Control solutions the way forward
Controlling the introduction of invasives is the primary safeguard against economic and ecological costs, but there are options to combat pest species once they’re established too.
Australia is considered to have one of the world’s more effective biosecurity regimes in terms of pathway management where risk introductions are prevented at the border. IPBES recommends effective risk management of invasive alien species before, at and after border checkpoints as a priority for governments.
Species-specific management is also vital, whether through surveillance and detection or eradication and control measures.
Genetic tools are increasingly valuable in combatting invasive species. Environmental DNA analysis is suggested for identifying the presence of invasive species, particularly in aquatic environments. Other genetic technologies – such as gene drives designed to purge feral animals like cats and mice – could also offer a route to governments seeking to control established threats.
“In Australia, we’re world-leading investing in next-generation genetic control technologies that we believe have a huge potential to game change our capacity to manage even quite widespread species,” says Dr Andy Sheppard, CSIRO’s chief research scientist and the coordinating lead author of the IPBES report.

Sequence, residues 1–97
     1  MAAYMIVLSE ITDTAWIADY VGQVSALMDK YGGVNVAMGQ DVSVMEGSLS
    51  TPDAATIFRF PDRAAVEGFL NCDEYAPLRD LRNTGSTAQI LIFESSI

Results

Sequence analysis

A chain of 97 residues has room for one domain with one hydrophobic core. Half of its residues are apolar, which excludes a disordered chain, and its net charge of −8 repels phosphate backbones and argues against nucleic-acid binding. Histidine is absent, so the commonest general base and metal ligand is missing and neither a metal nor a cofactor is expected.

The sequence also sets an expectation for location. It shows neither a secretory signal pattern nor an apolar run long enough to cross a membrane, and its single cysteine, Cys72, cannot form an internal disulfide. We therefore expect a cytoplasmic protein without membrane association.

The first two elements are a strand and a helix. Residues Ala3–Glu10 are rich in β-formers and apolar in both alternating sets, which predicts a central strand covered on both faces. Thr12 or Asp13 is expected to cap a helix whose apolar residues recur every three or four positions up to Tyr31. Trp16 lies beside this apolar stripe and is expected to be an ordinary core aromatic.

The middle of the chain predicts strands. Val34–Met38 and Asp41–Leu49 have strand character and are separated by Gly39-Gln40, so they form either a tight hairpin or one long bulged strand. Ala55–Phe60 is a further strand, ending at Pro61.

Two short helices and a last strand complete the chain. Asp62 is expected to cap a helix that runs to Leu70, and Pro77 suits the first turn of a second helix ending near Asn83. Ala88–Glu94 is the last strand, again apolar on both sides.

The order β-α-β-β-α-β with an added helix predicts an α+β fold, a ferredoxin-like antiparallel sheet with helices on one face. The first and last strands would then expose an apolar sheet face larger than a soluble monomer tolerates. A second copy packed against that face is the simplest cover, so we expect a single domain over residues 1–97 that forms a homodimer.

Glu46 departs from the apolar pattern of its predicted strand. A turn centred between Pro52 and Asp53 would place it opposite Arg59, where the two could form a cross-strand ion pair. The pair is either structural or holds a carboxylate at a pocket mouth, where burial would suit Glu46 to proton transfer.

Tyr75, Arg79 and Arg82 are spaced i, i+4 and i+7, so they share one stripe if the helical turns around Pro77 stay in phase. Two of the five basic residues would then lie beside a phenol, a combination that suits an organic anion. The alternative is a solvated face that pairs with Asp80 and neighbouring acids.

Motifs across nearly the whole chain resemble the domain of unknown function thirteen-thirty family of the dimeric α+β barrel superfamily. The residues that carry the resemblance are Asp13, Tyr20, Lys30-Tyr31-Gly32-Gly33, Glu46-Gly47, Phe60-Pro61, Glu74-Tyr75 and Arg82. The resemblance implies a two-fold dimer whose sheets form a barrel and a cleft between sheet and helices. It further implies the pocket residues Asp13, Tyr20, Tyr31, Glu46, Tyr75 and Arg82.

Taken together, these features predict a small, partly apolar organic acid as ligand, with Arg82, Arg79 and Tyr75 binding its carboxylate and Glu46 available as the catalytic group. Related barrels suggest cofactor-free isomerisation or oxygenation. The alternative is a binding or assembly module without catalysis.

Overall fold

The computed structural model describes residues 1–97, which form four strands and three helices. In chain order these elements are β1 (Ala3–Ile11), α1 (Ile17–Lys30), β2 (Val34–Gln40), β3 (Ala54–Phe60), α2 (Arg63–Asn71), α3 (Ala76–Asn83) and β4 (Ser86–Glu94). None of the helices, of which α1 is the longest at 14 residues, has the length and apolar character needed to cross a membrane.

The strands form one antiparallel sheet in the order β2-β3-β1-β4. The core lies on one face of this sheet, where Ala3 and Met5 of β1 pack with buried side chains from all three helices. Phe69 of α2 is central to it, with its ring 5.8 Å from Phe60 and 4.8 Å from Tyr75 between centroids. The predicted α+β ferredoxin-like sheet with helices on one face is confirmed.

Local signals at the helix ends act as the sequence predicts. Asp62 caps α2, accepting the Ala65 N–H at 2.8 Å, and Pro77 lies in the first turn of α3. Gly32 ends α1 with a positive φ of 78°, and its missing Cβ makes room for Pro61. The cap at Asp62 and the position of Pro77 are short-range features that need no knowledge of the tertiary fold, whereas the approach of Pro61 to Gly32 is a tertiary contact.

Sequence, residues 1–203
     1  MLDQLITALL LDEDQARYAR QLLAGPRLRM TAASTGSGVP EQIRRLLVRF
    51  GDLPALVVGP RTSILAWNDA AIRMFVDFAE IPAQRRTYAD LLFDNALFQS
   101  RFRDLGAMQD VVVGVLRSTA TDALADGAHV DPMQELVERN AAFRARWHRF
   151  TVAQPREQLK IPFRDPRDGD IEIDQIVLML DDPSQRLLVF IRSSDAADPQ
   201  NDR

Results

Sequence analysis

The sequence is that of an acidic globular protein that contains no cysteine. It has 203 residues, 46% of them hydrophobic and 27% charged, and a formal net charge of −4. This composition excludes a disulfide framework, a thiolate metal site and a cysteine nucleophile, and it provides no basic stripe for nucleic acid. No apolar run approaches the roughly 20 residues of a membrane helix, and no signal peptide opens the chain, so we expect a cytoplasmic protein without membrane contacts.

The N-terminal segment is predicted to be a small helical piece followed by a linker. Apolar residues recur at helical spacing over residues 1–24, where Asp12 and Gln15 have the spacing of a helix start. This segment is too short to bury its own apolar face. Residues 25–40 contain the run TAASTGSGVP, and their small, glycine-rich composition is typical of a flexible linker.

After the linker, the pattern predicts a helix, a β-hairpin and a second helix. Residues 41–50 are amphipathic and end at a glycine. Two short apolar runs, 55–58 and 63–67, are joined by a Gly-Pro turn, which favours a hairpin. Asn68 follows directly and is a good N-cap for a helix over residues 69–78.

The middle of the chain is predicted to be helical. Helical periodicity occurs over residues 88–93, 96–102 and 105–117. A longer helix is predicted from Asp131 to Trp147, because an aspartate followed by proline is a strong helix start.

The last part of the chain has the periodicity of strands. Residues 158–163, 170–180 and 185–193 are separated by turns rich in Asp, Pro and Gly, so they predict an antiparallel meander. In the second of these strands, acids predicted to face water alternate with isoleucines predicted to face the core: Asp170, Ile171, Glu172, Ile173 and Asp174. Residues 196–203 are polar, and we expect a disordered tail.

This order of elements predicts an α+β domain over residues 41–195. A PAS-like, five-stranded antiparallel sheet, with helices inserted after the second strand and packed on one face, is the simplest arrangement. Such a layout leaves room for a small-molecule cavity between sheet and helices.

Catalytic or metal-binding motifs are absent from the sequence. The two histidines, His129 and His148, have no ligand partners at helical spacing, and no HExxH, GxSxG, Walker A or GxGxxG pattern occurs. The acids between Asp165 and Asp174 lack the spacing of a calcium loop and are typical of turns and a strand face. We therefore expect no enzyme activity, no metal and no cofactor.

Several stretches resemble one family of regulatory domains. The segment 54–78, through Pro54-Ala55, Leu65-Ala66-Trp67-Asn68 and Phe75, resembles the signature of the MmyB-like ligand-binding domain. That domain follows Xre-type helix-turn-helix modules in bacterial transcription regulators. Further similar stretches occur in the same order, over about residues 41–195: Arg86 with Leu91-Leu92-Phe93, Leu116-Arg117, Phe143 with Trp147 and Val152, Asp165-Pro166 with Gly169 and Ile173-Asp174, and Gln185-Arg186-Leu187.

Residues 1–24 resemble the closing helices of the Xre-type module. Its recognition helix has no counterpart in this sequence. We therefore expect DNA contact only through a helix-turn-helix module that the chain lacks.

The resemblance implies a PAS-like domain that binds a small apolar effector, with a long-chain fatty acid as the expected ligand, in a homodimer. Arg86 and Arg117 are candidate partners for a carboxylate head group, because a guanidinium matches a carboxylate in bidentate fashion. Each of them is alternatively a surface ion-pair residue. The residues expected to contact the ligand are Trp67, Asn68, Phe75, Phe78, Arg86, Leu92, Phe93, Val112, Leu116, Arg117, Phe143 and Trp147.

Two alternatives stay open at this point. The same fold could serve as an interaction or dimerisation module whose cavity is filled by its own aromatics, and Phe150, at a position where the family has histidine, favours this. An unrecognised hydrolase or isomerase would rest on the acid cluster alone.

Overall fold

“A lot of work … has demonstrated the capacity in rodents to be able to determine the sex of their progeny, and if we can ‘drive’, for example, male populations of invasive rodents all male, we can more effectively manage these kinds of problems over much wider areas than we currently can using baiting.”
Experts are also calling for greater collaboration and integration across research groups. Distinguished Professor Philip Hulme from Lincoln University (NZ), who also coordinated the report, observed that pooling knowledge across research sectors could support a longer-term “critical mass” of tools to manage invasive threats.
“I think that’s one of the gaps … we need to work more closely together because things slip through the different disciplines,” Hulme says.